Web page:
Home Health Aide Faces Charges After Stealing Medication from Patients

Home Health Aide Faces Charges…

Home Health Aide Faces Charges

While a 22-year-old home health care aide was off-duty, he allegedly returned to some of the homes of his clients to steal various prescription medications. The initial investigation conducted by the Charleston Police Department was paralleled by the Illinois State Police and brought in more information regarding this case that ended in the arrest of Kyle J. White.

White was representing an outside home health care provider but when he was off duty, he could return to the home of those clients and slip out with various prescription medications. When one of those clients suspected that medications were missing, a police report was filed and the investigation commenced.

As reported by the Journal Gazette & Times-Courier article, Home health aide worker charged with stealing medication:

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The press released by the Charleston Police Department announced that a warrant for White’s arrest was issued relating to this case and Mr. White did turn himself into authorities and also posted bond. The case being run by the Illinois State Police Investigation is still pending and any charges that may be brought up by them will be handled by the Illinois Attorney General’s office.

“The Charleston Police Department reported in a press release on Tuesday that the burglary investigation that led to the arrest of Kyle J. White, 22, of Charleston began on Dec. 22. The department reported that its initial investigation led to new information regarding a similar investigation by the Illinois State Police indicating White was responsible for multiple thefts of medication from different victims in the Coles County area.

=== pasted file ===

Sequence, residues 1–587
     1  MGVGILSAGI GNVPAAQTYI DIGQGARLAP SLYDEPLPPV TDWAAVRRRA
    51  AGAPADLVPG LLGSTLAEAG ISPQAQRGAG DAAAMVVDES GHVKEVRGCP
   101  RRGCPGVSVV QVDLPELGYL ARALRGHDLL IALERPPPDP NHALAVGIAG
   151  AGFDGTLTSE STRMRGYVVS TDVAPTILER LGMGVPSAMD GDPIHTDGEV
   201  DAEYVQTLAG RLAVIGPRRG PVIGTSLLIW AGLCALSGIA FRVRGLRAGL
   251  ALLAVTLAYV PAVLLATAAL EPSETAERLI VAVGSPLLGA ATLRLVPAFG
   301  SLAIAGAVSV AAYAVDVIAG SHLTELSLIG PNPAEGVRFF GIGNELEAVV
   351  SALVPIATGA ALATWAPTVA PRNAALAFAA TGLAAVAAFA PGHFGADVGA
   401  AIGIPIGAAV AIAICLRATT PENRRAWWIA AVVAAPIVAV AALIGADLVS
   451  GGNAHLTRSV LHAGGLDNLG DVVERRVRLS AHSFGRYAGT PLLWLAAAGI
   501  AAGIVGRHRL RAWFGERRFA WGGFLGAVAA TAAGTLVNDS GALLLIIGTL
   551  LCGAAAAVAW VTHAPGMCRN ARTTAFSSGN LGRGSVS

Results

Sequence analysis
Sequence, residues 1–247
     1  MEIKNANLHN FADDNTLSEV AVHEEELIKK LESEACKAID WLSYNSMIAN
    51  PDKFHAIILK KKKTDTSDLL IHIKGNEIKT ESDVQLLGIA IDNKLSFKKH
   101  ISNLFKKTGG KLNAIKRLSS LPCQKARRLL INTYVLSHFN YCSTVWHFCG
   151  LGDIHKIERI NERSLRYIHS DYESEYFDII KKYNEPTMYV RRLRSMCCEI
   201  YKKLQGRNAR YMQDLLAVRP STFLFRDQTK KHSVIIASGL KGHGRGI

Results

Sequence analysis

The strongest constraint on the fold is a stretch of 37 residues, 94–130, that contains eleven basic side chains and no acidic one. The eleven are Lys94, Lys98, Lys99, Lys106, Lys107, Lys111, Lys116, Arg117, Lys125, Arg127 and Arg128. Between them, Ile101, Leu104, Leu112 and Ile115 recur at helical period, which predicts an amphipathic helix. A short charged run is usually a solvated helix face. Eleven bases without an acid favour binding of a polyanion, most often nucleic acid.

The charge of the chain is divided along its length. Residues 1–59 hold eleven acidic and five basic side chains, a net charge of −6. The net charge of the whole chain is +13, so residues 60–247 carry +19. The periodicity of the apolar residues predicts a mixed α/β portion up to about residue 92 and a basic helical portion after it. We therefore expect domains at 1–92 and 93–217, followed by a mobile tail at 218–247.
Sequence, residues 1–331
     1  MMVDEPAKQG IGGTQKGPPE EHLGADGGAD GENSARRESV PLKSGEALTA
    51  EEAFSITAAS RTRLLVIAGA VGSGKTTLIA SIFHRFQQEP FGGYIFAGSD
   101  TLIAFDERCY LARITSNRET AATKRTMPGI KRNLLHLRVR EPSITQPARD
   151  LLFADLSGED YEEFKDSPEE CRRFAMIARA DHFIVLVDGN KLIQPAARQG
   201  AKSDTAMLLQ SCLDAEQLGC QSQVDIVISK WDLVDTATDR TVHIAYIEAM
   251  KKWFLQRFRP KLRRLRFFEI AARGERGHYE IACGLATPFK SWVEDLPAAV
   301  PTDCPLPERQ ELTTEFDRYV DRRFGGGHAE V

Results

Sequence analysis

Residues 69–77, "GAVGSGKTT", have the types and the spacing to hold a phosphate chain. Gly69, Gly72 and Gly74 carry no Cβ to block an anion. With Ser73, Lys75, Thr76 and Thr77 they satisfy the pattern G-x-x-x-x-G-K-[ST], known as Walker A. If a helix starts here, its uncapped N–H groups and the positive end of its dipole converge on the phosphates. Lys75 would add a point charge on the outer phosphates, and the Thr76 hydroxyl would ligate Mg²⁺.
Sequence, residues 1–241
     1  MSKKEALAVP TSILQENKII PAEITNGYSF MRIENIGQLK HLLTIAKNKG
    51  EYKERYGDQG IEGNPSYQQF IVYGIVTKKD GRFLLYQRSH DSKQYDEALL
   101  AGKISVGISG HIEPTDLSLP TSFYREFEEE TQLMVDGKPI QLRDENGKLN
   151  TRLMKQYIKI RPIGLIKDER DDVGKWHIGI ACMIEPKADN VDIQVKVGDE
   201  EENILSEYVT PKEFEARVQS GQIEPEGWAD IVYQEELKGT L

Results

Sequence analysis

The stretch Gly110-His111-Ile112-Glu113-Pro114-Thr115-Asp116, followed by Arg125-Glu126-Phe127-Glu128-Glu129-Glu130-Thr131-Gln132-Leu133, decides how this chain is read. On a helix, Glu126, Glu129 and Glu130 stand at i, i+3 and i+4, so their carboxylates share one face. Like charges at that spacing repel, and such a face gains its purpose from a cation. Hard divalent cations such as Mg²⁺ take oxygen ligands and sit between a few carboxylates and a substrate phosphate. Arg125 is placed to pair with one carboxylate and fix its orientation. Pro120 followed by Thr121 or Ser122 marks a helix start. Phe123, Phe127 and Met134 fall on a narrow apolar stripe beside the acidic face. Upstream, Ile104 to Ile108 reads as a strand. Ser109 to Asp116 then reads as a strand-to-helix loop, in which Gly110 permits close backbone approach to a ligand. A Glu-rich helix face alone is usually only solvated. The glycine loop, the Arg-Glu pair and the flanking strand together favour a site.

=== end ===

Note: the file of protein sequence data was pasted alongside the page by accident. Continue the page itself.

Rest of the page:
White visited patients while working as a representative of an outside home health care provider and while he was off duty, the department reported. A patient’s suspicions that prescription medications were missing from their home resulted in a police report being filed, the department reported.”

There was no initial public report of the kinds of medications that were allegedly stolen during these incidences, nor were there any reports of how many potential victims there may have been. The most sought-after prescription medications on the street involve painkillers, like Vicodin and Percoset, but there was no clarification by the investigators about which types were involved in this case.

The first victim to report suspected theft was not named and there was no immediate word on what outside home health care provider had hired Mr. White initially. No court date was set and the Illinois Attorney General’s office did not return calls seeking comment on their pending investigation.

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